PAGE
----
The Permanent Collection: Walking with Saskatchewan

About the Exhibition

Curated By

Bruce Hugh Russell

Organized By

MacKenzie Art Gallery

Galleries

Wakeling and University of Regina Galleries

Walking with Saskatchewan is our inaugural exhibition from the Permanent Collection series of year-long exhibitions that will explore the depths of our collection and the roles it plays in our society. “Saskatchewan” comes from the Cree word kisiskâciwan (or kisiskatchewani sipi), which describes a river that flows at a walking pace. Referencing both this Cree origin and its anglicization, Walking with Saskatchewan examines how Indigenous and non-Indigenous peoples represent and relate to this land as we walk it together. Drawing on the permanent collection and welcome some distinguished visitors (through promised gifts and temporary loans that help fill gaps in our collection or point towards areas of future development), this exhibition presents images of the land, its peoples, and its dreams.

Places are often defined by topography, a common ecology, and shared histories or cultures; but Saskatchewan has an arbitrary form — a trapezoid, imposed on maps and the land itself by surveyors and colonial politicians. It comprises several distinct natural environments and its original inhabitants lived according to unique and diverse traditions, speaking several languages. In more recent times (especially since the region became a Canadian province in 1905), people from all over the world have come to live here, drastically expanding that diversity. For all its eclecticism, Saskatchewan is still more than some lines on a map. We live here together in treaties, in shared experiences, and in our dreams. Artists have always played a central role in imagining this place, in the very creation of Saskatchewan. Focusing on work from the 1860’s to 2000, this exhibition looks at how both the land and our art carry our cultural memories, and provides a glimpse into how institutional collections act as caretakers for these vital histories.

The pictograms featured in the Permanent Collection’s logo, and in the MacKenzie Art Gallery’s new visual identity, come from unattributed words spoken by Indigenous peoples of Turtle Island to articulate the spirit of our treaties: “as long as the sun shines, the grass grows, and the rivers flow.” These words (which also grave the exterior of our building in Duane Linklater’s LED text work Kâkikê / Forever) suggest that Indigenous and non-Indigenous peoples will harmoniously share this land with care and respect in perpetuity. As we build and care for a collection that is meant to provide a permanent home for our cultural objects and histories, we include these symbols as a reminder to ourselves of our responsibility to live the commitment of these treaties, while respecting all that cannot be contained within our walls.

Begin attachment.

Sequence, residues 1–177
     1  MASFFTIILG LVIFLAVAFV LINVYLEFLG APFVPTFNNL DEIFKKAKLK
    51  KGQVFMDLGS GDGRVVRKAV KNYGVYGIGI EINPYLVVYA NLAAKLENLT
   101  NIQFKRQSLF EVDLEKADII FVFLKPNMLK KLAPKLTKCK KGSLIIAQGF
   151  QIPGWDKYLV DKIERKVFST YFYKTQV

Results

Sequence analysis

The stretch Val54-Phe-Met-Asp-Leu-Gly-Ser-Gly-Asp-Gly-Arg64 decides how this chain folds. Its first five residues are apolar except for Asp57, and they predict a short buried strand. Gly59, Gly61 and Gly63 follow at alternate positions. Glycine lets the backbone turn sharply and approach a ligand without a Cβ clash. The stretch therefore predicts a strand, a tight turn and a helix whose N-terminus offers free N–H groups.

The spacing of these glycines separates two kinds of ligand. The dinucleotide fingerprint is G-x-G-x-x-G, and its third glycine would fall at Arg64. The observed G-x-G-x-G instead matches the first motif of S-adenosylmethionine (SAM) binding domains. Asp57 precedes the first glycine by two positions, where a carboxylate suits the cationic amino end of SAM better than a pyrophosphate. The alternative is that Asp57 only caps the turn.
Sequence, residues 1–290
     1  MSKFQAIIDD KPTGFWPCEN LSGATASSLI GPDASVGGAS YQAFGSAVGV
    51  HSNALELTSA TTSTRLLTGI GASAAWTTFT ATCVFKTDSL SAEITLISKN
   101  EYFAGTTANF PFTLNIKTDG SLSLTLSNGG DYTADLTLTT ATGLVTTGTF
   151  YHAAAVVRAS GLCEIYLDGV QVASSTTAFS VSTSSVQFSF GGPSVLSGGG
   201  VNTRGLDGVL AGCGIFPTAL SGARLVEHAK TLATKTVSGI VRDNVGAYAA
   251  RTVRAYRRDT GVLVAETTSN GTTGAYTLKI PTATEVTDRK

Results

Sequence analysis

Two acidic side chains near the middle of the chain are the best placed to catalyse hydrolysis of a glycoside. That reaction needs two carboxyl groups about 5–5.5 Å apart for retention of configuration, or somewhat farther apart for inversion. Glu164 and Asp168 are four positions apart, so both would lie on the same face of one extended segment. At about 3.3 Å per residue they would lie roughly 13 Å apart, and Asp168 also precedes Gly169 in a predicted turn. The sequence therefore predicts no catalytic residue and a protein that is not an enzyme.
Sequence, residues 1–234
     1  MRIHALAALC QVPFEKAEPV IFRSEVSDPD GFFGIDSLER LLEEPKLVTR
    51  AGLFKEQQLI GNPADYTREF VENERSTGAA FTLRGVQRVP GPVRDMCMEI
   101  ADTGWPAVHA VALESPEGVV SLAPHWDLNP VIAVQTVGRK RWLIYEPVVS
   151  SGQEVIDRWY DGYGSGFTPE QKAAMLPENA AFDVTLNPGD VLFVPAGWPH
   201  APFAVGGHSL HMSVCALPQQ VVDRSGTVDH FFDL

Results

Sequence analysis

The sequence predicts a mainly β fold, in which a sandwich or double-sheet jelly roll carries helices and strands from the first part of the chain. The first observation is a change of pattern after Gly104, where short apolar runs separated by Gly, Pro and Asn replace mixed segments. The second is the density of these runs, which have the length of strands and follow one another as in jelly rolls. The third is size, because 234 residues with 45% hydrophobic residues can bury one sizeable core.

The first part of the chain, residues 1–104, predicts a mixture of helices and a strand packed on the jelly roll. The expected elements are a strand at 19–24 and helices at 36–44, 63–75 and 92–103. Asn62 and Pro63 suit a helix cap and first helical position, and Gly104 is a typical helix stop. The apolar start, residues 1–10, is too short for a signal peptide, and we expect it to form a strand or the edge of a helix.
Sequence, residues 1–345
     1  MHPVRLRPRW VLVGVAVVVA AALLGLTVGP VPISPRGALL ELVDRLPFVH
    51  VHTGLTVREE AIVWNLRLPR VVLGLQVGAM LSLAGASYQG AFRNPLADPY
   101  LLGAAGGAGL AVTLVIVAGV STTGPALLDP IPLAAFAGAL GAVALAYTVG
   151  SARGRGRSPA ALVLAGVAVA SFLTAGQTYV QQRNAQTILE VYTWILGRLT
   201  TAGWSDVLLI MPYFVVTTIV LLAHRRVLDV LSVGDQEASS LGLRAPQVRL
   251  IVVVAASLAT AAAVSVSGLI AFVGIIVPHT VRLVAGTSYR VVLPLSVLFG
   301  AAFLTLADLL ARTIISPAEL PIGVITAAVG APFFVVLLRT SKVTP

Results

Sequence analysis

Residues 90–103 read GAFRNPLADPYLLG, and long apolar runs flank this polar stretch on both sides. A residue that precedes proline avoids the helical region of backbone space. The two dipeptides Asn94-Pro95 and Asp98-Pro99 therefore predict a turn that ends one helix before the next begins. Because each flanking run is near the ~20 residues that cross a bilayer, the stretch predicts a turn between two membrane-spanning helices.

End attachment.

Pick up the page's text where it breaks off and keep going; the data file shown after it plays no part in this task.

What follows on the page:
ABOUT THE COLLECTION

The MacKenzie Art Gallery was founded on the collection of its namesake, Norman MacKenzie (1869-1936) who bequeathed his collection to the University of Saskatchewan Regina Campus (now the University of Regina). The MacKenzie is proud to continue to steward the U of R collection alongside works that have been collected by the MacKenzie since our independence in 1990. The MacKenzie now cares for over 5,000 objects spanning a period of over 5,000 years; is the home to one of the most important collections of Indigenous art; has the most comprehensive collection of Saskatchewan art; strong representations of Western Canadian painting, ceramics, and folk art; and key works from national and international artists. As such, we have an obligation to write the vital, yet underrepresented art histories that we are uniquely poised to address. We play a singular role in developing not only the art history of the Great Plains, but we also seek to continually revise that history through new voices and knowledge.

Works in the Exhibition

Installation view of

Installation view of "The Permanent Collection: Walking with Saskatchewan," MacKenzie Art Gallery, 2019. Photo: Don Hall.

 
Installation view of

Installation view of "The Permanent Collection: Walking with Saskatchewan," MacKenzie Art Gallery, 2019. Photo: Don Hall.

 
Installation view of

Installation view of "The Permanent Collection: Walking with Saskatchewan," MacKenzie Art Gallery, 2019. Photo: Don Hall.

 
Tatanka Iyotake (Sitting Bull),

Tatanka Iyotake (Sitting Bull), "Buffalo Robe," circa 1877-1881. Pigment on American bison hide. Courtesy of the State Historical Society of North Dakota, 10117.

 

ABOUT BRUCE HUGH RUSSELL

Bruce Hugh Russell has enjoyed a long and varied relationship with the National Gallery of Canada, as a scholar, curator, and donor. In 1993-1994 he received the prestigious Resident Research Fellowship in Canadian Art History, at National Gallery of Canada, for research on the life and work of patron, collector and craftsman Douglas Duncan 1902-1968. He was a Contributor to the catalogue of the Gallery’s exhibition, The Ingenious Machine of Nature: Four Centuries of Art and Anatomy in 1996, and was a co-curator of the exhibition Artists, Architects and Artisans: Canadian Art 1890–1918. Most recently, he curated Agnes Martin: The mind knows what the eye has not seen, co-presented by the Esker Foundation and the MacKenzie Art Gallery.

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